Dean might say that things like that didn’t matter or give some cursory, unconsidered answer like “Love’s what you make it.” And it would probably be truer than any of Sam’s attempts to rationalise it. Sam has always ‘thought too much’ and it’s got him pretty far but it’s never made him happy.

Sam’s thinking too much, in the passenger seat of the Impala, when he says, “Hey, Dean, d’you think dad loved mom?”

And Dean’s outraged and retorts: “Of course he did! Why else would he have spent so many years tracking down the thing that killed her?”

“I don’t know,” Sam pulls a face that Dean doesn’t see, staring through the windscreen as he is, “guilt, maybe? I just thought maybe if he hadn’t been as good to her as he could’ve been, you know, it might make him want to do better now, absolve himself, prove he really loved her.”

“Don’t talk about dad like that.”

“Sure, sure. Sorry. I didn’t mean—”

“Yeah, you never mean it but you always say it.”

“I said I was sorry.” And they keep driving, right over the state line and they’re sleeping someplace a hundred miles from where they were last night, but they’re still as far away from love as they ever were. And Sam’s wondering just how love happens, whether it just builds up inside you until you become conscious of it and then you have to wonder what the feeling is and name it and call it love.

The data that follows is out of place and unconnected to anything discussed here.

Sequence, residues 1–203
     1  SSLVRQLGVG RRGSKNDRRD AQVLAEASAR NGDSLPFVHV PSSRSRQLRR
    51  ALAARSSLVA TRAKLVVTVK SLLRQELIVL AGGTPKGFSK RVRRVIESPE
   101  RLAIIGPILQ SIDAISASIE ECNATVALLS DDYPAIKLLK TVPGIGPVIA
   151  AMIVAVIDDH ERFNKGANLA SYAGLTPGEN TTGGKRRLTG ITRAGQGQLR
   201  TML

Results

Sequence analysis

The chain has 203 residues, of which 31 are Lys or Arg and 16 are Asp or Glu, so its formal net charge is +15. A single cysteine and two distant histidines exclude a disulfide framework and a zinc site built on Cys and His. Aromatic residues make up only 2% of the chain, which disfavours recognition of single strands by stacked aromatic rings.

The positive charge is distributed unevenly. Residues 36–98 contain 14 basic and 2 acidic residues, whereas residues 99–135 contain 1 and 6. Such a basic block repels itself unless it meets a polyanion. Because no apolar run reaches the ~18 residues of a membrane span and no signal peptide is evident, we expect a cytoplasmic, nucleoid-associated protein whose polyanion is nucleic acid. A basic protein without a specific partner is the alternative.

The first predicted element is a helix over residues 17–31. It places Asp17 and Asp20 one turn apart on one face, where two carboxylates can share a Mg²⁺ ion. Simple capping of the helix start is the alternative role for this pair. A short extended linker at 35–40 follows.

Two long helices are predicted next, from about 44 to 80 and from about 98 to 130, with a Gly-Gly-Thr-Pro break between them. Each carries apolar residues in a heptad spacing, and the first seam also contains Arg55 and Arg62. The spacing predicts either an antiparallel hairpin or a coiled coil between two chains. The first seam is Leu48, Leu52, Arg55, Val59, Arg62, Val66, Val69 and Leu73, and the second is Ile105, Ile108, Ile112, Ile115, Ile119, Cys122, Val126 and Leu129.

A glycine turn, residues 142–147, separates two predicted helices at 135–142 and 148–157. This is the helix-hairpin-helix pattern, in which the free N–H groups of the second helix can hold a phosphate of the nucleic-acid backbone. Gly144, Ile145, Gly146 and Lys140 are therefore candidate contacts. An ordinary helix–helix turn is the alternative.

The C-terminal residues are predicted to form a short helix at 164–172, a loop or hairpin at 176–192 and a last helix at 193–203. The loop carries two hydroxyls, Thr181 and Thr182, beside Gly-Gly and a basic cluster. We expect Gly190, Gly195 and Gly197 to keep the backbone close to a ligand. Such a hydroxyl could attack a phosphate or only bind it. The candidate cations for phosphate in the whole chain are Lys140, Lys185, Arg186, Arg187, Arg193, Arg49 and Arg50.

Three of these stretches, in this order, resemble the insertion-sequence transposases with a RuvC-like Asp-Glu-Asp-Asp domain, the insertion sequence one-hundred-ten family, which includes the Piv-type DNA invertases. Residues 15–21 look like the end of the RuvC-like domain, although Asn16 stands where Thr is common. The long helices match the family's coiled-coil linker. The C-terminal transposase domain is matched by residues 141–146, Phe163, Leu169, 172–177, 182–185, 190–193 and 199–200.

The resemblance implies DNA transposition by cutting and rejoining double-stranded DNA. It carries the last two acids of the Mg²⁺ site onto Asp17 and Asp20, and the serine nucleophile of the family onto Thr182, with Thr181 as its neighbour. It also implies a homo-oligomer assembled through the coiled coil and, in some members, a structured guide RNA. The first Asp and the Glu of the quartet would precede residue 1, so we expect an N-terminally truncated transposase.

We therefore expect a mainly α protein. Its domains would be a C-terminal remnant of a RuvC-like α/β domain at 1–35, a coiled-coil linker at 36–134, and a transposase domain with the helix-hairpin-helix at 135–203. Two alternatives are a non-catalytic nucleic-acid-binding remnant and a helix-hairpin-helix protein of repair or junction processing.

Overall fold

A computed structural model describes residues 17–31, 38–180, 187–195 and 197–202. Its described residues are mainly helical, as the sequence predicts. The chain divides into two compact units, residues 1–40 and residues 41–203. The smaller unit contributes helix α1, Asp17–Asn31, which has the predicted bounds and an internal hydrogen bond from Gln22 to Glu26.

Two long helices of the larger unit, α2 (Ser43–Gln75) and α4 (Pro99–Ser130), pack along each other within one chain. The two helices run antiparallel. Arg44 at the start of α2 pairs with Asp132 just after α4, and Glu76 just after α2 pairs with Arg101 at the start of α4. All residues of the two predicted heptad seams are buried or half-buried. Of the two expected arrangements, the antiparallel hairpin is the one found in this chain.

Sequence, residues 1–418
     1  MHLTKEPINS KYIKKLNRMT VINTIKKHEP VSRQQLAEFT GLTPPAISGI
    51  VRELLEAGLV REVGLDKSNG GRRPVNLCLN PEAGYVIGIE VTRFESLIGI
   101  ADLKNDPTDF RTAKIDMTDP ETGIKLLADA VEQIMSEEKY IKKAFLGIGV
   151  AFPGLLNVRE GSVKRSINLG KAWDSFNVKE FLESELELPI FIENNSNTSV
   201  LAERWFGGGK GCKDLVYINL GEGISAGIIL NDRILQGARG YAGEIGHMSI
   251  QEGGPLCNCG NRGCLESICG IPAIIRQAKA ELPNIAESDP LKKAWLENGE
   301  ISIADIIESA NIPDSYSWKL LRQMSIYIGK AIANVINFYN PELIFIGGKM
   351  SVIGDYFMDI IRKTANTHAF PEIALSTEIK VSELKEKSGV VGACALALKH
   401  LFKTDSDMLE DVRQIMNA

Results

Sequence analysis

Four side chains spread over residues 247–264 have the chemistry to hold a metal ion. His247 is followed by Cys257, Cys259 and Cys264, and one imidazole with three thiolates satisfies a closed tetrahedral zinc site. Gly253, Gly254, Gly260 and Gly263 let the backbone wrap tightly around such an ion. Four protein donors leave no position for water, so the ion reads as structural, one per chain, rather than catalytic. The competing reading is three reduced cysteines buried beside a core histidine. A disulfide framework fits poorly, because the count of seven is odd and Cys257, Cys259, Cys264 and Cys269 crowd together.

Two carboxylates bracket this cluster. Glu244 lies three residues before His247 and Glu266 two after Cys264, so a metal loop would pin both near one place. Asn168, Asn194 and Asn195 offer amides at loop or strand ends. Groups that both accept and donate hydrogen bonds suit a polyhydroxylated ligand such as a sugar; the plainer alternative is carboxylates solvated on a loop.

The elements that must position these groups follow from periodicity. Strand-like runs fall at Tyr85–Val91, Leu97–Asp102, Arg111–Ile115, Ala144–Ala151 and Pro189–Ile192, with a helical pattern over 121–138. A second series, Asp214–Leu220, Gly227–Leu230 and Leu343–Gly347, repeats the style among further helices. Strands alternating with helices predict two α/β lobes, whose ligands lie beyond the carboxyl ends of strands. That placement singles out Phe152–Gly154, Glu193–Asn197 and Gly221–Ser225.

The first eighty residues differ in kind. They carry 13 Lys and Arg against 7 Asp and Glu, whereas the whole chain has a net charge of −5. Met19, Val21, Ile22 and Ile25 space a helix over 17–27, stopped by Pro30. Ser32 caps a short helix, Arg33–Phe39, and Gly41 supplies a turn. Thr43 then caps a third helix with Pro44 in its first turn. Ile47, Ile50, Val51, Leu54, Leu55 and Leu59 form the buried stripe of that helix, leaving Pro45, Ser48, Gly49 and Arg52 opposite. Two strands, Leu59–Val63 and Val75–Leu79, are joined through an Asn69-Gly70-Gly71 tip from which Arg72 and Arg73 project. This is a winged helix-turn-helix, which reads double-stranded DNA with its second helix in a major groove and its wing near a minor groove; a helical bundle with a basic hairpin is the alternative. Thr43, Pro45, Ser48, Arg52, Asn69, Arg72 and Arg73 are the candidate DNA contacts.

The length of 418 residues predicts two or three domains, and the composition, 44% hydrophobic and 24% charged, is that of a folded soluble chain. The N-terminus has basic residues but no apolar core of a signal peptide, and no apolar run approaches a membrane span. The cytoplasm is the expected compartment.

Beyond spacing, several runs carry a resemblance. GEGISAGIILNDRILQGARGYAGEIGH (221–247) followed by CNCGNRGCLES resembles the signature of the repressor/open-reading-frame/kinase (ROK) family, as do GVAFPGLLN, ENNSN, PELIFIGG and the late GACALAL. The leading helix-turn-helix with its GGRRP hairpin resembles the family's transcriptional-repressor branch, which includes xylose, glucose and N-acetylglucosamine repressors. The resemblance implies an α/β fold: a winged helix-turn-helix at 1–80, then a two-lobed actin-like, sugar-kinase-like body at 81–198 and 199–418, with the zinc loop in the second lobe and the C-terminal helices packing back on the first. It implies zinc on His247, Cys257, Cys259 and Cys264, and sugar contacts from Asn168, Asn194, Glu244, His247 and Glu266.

Sam thinks that a couple of years ago they weren’t like this. It never used to be like this. It used to be Dean dropping everything for him. Dean putting everything he cared about on hold just to listen to his brother’s stupid ideas, his dreams of getting out of this life. Dean saying: “Don’t worry, Sammy, it’s not so bad.” And even when Sam would say that it was that bad, Dean would still listen and he’d still do anything if he thought it would make Sam smile.

They’d been closer, back then, than any brothers should be. On nights when John was hunting something bad enough that he didn’t want the boys anywhere nearby Dean would sleep in Sam’s bed as if to protect him from the monsters they both knew were real. But, really, it was for the warmth of someone else’s skin—someone else who meant the world to him—and for the feeling of Sam’s breath on his neck and the reassuring way that Sam never told him to go sleep in his own bed even when he was long past old enough to look after himself. Sam understands these things, understands the way that just one touch of lips to skin or skin to skin in the wrong place and the wrong time could send them hurtling over the edge.

They’re in another hotel room, in another state, when Sam climbs into Dean’s bed and puts one arm over Dean’s sleeping body and wonders just what his brother would do if he kissed him.